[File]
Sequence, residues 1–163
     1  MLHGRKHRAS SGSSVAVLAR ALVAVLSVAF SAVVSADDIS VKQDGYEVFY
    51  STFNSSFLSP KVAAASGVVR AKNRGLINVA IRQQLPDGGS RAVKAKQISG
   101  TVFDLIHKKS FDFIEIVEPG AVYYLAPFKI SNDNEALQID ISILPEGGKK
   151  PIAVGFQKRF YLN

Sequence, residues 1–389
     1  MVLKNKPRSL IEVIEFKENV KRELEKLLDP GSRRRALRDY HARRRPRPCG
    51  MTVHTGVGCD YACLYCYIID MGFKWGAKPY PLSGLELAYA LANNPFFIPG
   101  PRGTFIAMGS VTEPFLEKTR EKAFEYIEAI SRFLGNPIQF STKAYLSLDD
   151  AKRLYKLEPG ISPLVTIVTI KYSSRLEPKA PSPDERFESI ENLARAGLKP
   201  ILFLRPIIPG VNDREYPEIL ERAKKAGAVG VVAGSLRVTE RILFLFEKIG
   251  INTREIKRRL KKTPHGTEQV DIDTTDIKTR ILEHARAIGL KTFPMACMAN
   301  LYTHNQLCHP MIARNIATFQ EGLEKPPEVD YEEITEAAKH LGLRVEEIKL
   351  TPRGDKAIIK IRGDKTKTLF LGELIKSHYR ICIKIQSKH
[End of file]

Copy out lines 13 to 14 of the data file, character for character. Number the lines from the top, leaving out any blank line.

   301  LYTHNQLCHP MIARNIATFQ EGLEKPPEVD YEEITEAAKH LGLRVEEIKL
   351  TPRGDKAIIK IRGDKTKTLF LGELIKSHYR ICIKIQSKH